Chemistry makes light work
Funny things happen in the dark. When you flip off the switch, even adults start to chatter and giggle, and then inevitably the gloom is lit by chinks of light as their watches, phones and tablets emerge and blink into life. Indeed, in this age of abundant illumination, light has actually become a pollutant – how many of us ever get to see the stars these days? Our journey from flickering candles to today’s perennial nocturnal glare is, at heart, a chemical story, and one of its principal protagonists is Carl Auer.
Auer was the son of Alois Auer, director of the imperial printworks in Vienna, Austria. He developed an interest in science at an early age and ended up studying chemistry with Adolf Lieben, Vienna’s highly influential head of department. Lieben soon recommended Auer to his mentor, Robert Bunsen, who was then Germany’s leading chemist. Bunsen had invented spectral analysis with Gustav Kirchhoff, and had commissioned the design of a burner especially for that purpose. He was now using the technique to explore the mysterious rare earth elements.
The chemical similarity of these elements was driving chemists across Europe mad. As they strove to discover and characterise them, disputes raged over purity and priority. When Auer arrived in Heidelberg, Bunsen was methodically recording their emission spectra in the hope that this might help locate them in Dmitri Mendeleev’s periodic table. It required careful and excruciatingly tedious separations, and the native metals were then isolated by electrolysis of molten salts in iron crucibles.
In 1882, Auer was awarded a PhD without having submitted a thesis – a student this good, in Bunsen’s view, needed no such evidence. Auer returned to Lieben’s lab with a sample of the rare-earth mineral gadolinite in his pocket and with Bunsen’s prophetic words ringing in his ears: that the problem of domestic illumination would one day be solved by having a solid oxide glow in a flame.
With money inherited from his father, Auer worked unpaid on rare earth separation using Lieben’s lab, devising a more efficient separation scheme. Instead of relying on fractional precipitation using oxalate, he would fractionally crystallise the double ammonium nitrates that were much more soluble. Using Bunsen’s spectroscopy, Auer began to suspect that the element ‘didymium’ might be a mixture. In 1885 he reported the separation of a green and a pink fraction: ‘praseodidymium’ (the green twin) and ‘neodidymium’ (the new twin). Only later would the names be contracted to what we know today.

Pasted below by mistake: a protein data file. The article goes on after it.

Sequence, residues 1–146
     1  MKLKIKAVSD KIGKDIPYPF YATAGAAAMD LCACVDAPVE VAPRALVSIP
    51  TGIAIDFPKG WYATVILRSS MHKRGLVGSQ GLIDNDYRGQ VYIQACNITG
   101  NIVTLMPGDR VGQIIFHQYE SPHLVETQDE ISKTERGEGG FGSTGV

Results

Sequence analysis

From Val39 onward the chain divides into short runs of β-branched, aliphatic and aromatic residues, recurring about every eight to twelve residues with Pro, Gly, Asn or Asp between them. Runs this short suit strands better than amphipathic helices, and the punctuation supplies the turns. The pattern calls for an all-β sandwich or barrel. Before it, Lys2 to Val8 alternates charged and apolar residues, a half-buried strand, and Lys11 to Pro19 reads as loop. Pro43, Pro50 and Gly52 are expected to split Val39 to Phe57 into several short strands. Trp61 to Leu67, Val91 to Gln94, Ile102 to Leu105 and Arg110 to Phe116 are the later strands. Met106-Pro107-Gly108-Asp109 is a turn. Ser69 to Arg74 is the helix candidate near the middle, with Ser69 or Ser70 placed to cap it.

To brighten the emission spectra, Auer tried soaking some cotton gauze with solutions of his rare earths. To his amazement, the cotton burned away leaving a fragile ceramic mesh that glowed intensely, giving much more light per unit of fuel than anything seen before. He worked feverishly to optimise the composition, eventually settling on a mixture of lanthanum and zirconium. Naming the mixture ‘Actinophor’ he not only patented his invention in every country he could think of, but also bought a factory near Vienna to make his secret mixture, which he sold to firms that licensed his patent.
Though the business was initially profitable, the lamps’ greenish hue and their fragile gauzes meant that Thomas Edison’s incandescent filament lamps became serious competitors.
Undeterred, Auer went back to the lab. He eventually found that a 99:1 thorium–cerium mixture outperformed everything. With an acute sense of marketing, Auer unveiled his lamp on a dark November night in 1891 outside the Opera Café in Vienna. He sold 90,000 lamps in the first nine months. By 1913, the figure was 300 million.
There was just one problem: lighting the lamps. Recalling how the electrolysis crucibles in Bunsen’s lab sparked when being cleaned with a file, Auer and his works manager Hattinger devised a pyrophoric iron–rare earth alloy that sparked when struck. You could light lamps. Or of course, cigarettes.
Auer was ennobled by the Emperor, and his profits allowed him to buy a huge estate with a castle, which he immediately equipped with a private lab. His factories for the separation of rare earths also provided the radium for Ernest Rutherford’s legendary experiments.
But Auer was well aware that the electric light was a growing threat to his business. And so he decided to capitalise on its popularity. He identified its key flaw – the fragility of the carbon whiskers and reasoned that the solution must lie with metal filaments. But which? Believing osmium to have the highest melting point, he developed a way of making uniform filaments that could be placed in an evacuated bulb. His patent of 1893 marks the birth of the modern electric light bulb, remembered in the name ‘Osram’, but later superseded by Siemens’ tantalum and then GE’s tungsten.
Auer’s technology may seem quaint and old-fashioned today. Yet were Auer and Bunsen here today, perhaps in the phosphors of our fluorescent and LED lamps they’d recognise the descendants of those rare-earth soaked cotton threads that first lit our world.
Andrea Sella teaches chemistry at University College London, UK
A von Welsbach, US Patent, US399174
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